Admission to the 9,800-square-foot lower level is another matter all together. It will be off limits to the public.

That's where Lincoln Athletic Director John Moseley will create a home for the Blue Tigers football team and national champion-caliber men's and women's track and field teams. The latter two squads do not now have a space they call their own on the Lincoln campus, Moseley said.

At their meeting Thursday, LU's curators approved a $2.5 million bond issue that includes $780,446 to spend on finishing, furnishing and decorating the Blue Tigers' new locker rooms, training room and offices in the Wellness Center basement.

That work is expected to be done before the football season begins.

Each athlete will have his or her own wooden locker, Moseley said, hinting at a fundraising opportunity for fans.

Grefrath and his staff will be engaged in ongoing training in February as they await arrival of the corresponding Lincoln staff, expected to begin their employment at the Wellness Center Feb. 15. Grefrath anticipates regular coordination with the Lincoln staff.

When the Parks and Lincoln teams are at full strength, they will welcome visitors into a cavernous building with roomy lobbies, corridors, stairwells, an elevator and vestibules — all the work of The Architects Alliance, led by Cary Gampher and project manager Michael J. Carafeno, and general contractor Sircal Inc., guided by president Chris Hentges.

All of this might be considered a daunting task for the "gentleman" who joined the department after spending the previous nine years as activity center director for State Technical College of Missouri and the nine years before that as senior program director for the Jefferson City Area YMCA. Grefrath earned a bachelor's degree in physical education from Lincoln and a master's degree in athletics and activities administration from William Woods University.

Preparing for the demands of the Wellness Center management gig, Grefrath has been a hands-on practitioner of about all his chosen field offers. He was responsible for planning, implementing and evaluating programs ranging from fitness classes to youth and adult sports leagues and tournaments at State Tech. That position required him to manage day-to-day operations of the facility while supervising full-time and part-time staffers. As a YMCA leader, Grefrath supervised aquatics, the climbing wall, the front desk, gymnastics, and youth and adult sports.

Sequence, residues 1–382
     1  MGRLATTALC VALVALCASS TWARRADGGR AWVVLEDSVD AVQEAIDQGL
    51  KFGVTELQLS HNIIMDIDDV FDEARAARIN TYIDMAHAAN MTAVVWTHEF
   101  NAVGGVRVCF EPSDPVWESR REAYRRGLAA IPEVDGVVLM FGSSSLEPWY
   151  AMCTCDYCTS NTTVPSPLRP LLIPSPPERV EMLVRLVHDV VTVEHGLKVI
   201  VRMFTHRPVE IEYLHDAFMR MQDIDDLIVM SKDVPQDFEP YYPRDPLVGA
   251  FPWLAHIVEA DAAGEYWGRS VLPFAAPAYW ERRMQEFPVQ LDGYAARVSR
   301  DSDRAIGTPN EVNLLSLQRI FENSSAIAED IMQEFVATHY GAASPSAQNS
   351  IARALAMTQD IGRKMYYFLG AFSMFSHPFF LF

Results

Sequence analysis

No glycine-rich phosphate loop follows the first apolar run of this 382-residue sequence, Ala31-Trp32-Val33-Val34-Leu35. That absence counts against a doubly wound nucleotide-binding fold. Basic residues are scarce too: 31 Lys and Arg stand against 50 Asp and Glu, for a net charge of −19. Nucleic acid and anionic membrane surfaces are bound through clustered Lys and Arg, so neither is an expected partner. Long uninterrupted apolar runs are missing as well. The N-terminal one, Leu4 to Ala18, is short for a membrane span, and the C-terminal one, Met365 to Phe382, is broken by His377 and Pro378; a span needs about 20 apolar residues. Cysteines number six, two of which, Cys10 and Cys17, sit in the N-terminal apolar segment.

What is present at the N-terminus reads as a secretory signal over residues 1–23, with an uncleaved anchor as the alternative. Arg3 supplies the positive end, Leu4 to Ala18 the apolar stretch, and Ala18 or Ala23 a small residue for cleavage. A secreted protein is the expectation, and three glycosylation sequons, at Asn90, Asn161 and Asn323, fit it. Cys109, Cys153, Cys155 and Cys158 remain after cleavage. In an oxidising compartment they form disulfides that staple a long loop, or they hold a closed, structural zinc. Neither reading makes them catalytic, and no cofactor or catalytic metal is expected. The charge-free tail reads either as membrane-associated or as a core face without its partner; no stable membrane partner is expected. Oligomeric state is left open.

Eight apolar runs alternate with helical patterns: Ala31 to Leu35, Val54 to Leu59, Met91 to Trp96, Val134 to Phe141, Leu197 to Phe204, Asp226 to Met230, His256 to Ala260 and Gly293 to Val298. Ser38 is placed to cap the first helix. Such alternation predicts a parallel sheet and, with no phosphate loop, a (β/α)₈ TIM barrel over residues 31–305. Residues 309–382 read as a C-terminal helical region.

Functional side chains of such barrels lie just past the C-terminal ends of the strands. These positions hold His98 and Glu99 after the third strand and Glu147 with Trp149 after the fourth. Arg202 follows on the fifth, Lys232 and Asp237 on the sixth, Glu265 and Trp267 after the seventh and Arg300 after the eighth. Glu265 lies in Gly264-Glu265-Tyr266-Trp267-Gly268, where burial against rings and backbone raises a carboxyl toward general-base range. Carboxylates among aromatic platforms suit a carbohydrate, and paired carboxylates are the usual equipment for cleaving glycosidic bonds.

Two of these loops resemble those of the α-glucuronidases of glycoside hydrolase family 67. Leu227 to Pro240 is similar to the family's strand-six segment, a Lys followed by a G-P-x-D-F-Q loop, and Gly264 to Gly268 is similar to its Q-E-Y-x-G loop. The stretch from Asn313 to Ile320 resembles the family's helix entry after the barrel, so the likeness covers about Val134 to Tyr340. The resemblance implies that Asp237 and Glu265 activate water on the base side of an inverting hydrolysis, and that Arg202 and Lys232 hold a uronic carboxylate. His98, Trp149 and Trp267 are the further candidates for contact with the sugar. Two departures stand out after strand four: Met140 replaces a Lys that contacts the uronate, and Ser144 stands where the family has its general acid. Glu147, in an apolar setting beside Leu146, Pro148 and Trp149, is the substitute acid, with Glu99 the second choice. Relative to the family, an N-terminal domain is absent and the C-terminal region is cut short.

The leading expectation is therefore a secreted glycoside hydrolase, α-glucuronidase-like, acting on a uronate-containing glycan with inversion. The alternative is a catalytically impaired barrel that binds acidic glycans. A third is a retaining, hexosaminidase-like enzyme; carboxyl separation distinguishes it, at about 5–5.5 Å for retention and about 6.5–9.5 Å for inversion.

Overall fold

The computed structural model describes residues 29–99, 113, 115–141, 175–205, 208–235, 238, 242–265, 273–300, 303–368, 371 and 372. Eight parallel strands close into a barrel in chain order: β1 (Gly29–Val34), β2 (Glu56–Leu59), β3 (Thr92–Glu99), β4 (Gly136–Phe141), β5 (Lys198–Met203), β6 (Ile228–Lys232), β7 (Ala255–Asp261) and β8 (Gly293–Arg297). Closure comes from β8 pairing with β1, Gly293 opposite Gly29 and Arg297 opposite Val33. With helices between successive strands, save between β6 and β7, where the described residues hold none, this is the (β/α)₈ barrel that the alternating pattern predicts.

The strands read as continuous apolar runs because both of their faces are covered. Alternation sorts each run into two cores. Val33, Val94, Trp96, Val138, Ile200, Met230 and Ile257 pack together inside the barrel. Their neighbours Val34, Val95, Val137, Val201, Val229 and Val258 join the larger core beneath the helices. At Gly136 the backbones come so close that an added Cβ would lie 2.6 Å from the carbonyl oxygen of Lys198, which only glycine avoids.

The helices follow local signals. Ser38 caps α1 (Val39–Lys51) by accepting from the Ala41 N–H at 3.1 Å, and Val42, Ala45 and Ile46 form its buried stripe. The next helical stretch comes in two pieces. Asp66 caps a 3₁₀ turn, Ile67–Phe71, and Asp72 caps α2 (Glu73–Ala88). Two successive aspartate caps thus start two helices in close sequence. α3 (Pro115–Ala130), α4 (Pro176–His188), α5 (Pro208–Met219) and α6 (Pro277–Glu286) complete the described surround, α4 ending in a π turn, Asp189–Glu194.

Grefrath and the Parks staff have been training on the operations of the Wellness Center since last Thursday, learning the nuance of turning on the lights and commanding basketball goals and volleyball nets to go up and down on computerized commands.

On Thursday, the day they finally left the City Annex for Lincoln's campus, Grefrath and his team were to train on the syncing of the Italian-made, Olympics-quality Techno Gym equipment, as well as the Hammer Strength line of free weights in the eye-popping, muscle-manufacturing fitness center.

Around them, signs were popping up everywhere, an exercise expected to continue for several days as hundreds of doors, cubby holes, cabinets and shelves were christened.

Anticipating the big day, Parks furniture had been delivered earlier in the week. Grefrath and his colleagues had boxed up their files, desk accessories, pictures, favorite coffee mugs, souvenirs, sports memorabilia, miscellaneous clutter and any potted plants of their own in anticipation of the physical move into their new quarters on the ground floor of the three-level landmark at Lincoln University.

Make no mistake, the gentleman who is running the building said, there is much left to do before the Wellness Center is running as smoothly as he and Spalding would like.

"I'm excited beyond words," Grefrath said. "I think we're ready. The Wi-Fi may not be perfect, but we've tested our telephones and other communications line, and we know we're going to be able to get to the internet, the TVs are going to work, and we've got power everywhere we need it. There'll be changes along the way as we shake off the newness here, but it's going to be exciting every step of the way."